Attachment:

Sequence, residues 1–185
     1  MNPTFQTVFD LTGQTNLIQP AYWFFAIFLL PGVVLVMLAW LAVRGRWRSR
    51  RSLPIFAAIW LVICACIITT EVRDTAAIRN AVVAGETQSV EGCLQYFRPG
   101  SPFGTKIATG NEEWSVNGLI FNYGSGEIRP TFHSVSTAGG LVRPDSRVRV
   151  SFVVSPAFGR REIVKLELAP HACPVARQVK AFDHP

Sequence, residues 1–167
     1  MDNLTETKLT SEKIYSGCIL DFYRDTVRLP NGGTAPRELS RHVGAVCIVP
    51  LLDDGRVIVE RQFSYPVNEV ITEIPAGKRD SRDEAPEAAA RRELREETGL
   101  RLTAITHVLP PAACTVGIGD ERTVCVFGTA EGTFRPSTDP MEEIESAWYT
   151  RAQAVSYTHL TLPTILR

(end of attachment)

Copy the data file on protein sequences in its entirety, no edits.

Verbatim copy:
Sequence, residues 1–185
     1  MNPTFQTVFD LTGQTNLIQP AYWFFAIFLL PGVVLVMLAW LAVRGRWRSR
    51  RSLPIFAAIW LVICACIITT EVRDTAAIRN AVVAGETQSV EGCLQYFRPG
   101  SPFGTKIATG NEEWSVNGLI FNYGSGEIRP TFHSVSTAGG LVRPDSRVRV
   151  SFVVSPAFGR REIVKLELAP HACPVARQVK AFDHP

Sequence, residues 1–167
     1  MDNLTETKLT SEKIYSGCIL DFYRDTVRLP NGGTAPRELS RHVGAVCIVP
    51  LLDDGRVIVE RQFSYPVNEV ITEIPAGKRD SRDEAPEAAA RRELREETGL
   101  RLTAITHVLP PAACTVGIGD ERTVCVFGTA EGTFRPSTDP MEEIESAWYT
   151  RAQAVSYTHL TLPTILR